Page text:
There are others in the mix. The old school is represented by 79-year old ‘moderate’ candidate Ali Akbar Hashemi Rafsanjani, while the Revolutionary Guards wield former air force commander Mohammad-Bagher Ghalibaf.
But it is those most loyal to the throne, including Saeed Jalili – Iran’s nuclear negotiator and Khamenei’s closest ally – who are likely to win. Indeed, Khamenei’s cronies took the vast majority of seats in the parliamentary elections earlier this year, in a process once again purged of undesirables by the Guardian Council before any votes were cast.
Unlike in 2009, there is no reformist camp this year. Its two key leaders, Mir Hossein Mousavi and Mehdi Karroubi, remain under house arrest, four years after an election many believe was rigged in favour of Ahmadinejad (protests, pictured left). Another reformist leader, Mohammad Khatami, is not running himself, and has urged people to back the elderly Rafsanjani – possibly because he is the best of a bad bunch.
Israelis know better than to trust a hope. If there’s anything that Jerusalem will be looking for in these elections, it will be pragmatism.
Rafsanjani may provide it, say the optimists. A former president, military commander and founding member of the Islamic Republic, he doesn’t look great on paper. But he fell out with the Supreme Leader a few years ago, and his practical approach means that he has done well in his role mediating between parliament and the ruling clerics.
Jalili too might bring his negotiation experiences to the presidency. He has spent several (admittedly unsuccessful) years talking to the West, so at the very least he’s briefed.
But if, as expected, the new president carries no new broom, we go back to guessing how this mess will end. There are, it seems, three options.
The first is that we wake up one night to spectacular footage of explosions ripping through Iranian nuclear facilities and Israelis running for shelters. The second is that the negotiators cut a deal, with Iran slowly halting production in exchange for the drip-feed easing of sanctions. The third is that the regime slowly crumbles from within.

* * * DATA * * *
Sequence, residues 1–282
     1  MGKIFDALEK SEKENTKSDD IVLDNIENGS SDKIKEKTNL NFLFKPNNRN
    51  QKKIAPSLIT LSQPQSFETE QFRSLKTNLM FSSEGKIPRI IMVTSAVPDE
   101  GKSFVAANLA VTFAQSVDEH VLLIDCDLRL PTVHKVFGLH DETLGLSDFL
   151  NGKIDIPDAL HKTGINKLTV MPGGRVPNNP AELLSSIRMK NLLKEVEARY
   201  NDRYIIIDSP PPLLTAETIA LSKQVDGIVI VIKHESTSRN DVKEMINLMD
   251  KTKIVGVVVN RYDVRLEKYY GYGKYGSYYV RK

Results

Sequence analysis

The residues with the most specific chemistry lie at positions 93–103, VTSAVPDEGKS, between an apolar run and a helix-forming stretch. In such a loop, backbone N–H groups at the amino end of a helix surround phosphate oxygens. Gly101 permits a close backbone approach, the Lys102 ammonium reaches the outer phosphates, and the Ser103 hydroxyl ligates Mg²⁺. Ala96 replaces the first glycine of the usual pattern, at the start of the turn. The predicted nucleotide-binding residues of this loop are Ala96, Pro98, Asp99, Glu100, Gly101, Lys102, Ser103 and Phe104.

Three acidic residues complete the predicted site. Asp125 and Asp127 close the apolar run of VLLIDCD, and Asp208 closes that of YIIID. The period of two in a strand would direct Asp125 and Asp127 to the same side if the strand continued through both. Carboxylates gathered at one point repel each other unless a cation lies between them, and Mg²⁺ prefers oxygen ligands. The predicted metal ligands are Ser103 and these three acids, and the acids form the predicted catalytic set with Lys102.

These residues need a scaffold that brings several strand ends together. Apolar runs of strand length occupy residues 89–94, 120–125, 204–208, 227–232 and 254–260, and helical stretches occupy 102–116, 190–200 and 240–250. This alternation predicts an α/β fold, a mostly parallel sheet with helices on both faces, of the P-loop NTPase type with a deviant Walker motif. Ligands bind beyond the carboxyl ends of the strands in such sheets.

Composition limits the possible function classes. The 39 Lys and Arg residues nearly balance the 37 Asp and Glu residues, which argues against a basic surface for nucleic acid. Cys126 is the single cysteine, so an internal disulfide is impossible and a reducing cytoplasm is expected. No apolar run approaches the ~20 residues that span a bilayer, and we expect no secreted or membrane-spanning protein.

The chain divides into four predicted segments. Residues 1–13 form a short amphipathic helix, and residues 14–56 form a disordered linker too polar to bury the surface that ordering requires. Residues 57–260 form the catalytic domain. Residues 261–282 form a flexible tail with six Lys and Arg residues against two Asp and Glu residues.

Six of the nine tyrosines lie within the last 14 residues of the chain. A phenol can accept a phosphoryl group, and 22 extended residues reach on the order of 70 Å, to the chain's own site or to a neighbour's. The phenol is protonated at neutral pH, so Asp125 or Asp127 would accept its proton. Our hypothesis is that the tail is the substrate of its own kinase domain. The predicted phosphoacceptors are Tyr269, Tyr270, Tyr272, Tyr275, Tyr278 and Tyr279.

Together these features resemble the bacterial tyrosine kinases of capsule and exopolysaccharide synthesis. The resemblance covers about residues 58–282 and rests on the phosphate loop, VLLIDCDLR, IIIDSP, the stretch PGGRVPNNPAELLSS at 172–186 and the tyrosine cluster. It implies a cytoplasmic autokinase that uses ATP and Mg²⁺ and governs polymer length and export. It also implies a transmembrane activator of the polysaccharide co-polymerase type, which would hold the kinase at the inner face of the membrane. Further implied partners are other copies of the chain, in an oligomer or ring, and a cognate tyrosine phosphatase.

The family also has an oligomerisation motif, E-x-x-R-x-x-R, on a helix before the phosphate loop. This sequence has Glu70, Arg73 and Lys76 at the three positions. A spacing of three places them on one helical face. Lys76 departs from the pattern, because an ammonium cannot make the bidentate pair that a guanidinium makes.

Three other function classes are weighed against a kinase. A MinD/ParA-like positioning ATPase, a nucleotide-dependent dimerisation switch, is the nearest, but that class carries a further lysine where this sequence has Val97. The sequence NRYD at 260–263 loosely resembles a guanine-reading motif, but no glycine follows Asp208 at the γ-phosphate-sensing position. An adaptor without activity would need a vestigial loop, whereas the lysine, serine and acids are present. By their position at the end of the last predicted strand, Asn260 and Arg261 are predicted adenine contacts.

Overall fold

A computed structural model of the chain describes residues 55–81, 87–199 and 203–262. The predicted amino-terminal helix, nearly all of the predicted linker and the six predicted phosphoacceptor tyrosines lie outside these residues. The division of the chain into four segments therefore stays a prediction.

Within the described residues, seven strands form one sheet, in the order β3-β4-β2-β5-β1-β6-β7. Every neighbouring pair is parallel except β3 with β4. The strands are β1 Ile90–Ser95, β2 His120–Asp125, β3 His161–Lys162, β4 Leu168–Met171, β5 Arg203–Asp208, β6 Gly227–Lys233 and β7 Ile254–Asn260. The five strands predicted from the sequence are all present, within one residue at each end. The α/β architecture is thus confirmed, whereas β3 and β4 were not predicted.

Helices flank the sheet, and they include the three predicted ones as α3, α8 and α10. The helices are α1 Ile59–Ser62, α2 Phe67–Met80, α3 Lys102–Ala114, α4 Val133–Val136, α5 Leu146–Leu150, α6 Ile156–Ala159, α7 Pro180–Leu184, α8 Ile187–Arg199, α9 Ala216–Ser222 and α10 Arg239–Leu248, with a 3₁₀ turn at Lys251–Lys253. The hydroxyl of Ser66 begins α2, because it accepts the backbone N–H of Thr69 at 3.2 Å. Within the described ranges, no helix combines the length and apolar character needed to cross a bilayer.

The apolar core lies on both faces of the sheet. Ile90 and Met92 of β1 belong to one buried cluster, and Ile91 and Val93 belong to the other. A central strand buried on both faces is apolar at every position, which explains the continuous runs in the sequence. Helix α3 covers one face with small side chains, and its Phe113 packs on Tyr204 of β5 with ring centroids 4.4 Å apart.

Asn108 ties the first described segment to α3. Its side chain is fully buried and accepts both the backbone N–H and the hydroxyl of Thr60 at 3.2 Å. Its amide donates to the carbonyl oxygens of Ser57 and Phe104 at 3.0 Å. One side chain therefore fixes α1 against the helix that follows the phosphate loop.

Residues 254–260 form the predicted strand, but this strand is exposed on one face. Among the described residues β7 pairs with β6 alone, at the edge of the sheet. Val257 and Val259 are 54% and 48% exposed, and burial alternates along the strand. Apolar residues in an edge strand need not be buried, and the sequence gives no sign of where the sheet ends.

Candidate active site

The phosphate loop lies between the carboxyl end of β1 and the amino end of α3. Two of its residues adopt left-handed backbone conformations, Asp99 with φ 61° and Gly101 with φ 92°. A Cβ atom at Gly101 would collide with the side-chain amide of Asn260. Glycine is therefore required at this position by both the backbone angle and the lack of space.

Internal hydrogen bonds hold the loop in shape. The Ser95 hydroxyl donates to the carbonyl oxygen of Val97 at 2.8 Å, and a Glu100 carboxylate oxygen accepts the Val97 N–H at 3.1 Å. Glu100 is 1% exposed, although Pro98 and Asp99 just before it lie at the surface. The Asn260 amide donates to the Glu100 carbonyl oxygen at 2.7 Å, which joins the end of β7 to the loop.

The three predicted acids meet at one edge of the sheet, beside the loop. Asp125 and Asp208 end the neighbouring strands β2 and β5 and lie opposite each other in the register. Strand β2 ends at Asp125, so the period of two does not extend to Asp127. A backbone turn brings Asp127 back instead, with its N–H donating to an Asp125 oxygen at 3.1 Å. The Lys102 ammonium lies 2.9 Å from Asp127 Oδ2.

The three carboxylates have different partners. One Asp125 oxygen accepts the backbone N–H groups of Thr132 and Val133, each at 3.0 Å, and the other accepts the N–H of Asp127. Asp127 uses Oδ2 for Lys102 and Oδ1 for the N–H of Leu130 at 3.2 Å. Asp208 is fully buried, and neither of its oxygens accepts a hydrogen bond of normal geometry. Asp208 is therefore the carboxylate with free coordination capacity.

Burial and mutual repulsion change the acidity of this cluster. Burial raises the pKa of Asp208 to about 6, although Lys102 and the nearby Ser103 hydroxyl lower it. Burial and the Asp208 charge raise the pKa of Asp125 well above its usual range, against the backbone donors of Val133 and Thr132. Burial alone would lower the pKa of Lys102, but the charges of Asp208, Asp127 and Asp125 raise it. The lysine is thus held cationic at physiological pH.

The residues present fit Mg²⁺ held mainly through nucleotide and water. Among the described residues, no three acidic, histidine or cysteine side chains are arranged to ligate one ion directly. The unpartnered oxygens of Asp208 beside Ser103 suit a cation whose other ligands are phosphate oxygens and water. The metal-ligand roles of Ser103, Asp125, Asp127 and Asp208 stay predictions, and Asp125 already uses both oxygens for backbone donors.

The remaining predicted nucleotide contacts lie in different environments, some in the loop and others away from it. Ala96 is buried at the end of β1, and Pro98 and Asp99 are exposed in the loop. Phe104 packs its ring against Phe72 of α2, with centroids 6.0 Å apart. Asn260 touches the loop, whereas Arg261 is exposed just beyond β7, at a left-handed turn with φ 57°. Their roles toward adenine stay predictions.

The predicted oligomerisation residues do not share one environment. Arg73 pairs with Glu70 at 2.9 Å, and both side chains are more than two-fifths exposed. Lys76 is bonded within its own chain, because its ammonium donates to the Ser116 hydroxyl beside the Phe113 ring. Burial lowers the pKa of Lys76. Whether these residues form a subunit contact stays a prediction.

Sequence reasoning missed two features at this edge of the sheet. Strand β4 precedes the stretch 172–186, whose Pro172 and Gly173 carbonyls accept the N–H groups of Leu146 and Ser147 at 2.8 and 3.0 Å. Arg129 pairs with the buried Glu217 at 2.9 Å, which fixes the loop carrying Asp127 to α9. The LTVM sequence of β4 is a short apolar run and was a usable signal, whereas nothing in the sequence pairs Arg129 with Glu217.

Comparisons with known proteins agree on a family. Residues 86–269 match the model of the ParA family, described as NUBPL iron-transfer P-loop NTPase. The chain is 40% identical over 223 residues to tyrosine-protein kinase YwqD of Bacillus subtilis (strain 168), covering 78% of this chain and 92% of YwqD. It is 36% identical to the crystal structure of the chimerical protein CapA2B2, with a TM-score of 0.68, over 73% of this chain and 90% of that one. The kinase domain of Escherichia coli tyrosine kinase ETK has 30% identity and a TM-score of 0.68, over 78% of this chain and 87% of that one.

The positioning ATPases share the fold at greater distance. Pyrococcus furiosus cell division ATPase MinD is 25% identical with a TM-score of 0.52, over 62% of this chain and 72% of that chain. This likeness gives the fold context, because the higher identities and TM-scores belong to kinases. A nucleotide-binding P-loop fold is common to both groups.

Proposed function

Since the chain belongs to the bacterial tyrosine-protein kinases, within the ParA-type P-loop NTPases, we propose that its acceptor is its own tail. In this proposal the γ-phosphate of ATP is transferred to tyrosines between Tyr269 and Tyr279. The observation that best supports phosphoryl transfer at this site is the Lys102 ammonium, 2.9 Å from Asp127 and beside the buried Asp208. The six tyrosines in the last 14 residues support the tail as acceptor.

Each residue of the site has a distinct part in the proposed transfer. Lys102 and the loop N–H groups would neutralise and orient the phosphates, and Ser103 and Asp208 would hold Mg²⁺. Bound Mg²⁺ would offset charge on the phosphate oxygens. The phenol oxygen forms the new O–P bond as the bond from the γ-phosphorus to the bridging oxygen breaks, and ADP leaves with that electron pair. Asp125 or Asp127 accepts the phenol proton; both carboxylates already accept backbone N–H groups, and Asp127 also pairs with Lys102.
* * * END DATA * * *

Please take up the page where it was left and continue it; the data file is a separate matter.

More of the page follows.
The first option carries too many risks, and the second is highly unlikely, but the third scenario just may come to pass.
For the last three decades the Islamic Republic has survived on the popular support it gained from distributing public services and subsidising everyday goods. Remove that, say analysts, and the people will rise up against it.
But that’s hopeful, to say the least, because the Iranian people are used to sanctions and self-sufficiency, and the Republic’s security forces are used to violent suppression.
Israel is convinced this leopard’s spots will remain unchanged. In the words of Israeli President Shimon Peres, “they have become a brutal dictatorship which casts a stain on Persian history and is a nightmare for its people”.
Peres went on to say that Iran sought hegemony over the region, had terror agencies across the Middle East, smuggled weapons into Arab countries to undermine their stability, exported wild incitement against Israel, denied the Holocaust and threatened a new one. Oh, he added: they were also building nuclear weapons.
When US President Barack Obama came to office four years ago, he extended his hand to Iran. Former Defence Minister Ehud Barak says Israel also extends its hand to regional enemies. The difference, he says, is that Israelis keep their other hand firmly placed on the gun in their pocket.
That gun may be needed before the end. In the meantime, Jerusalem would be better off practicing mid-air refueling than dreaming of a change of Iranian heart. But in the Middle East, who knows? Maybe these elections will throw up a surprise. After all, we’ve been surprised before.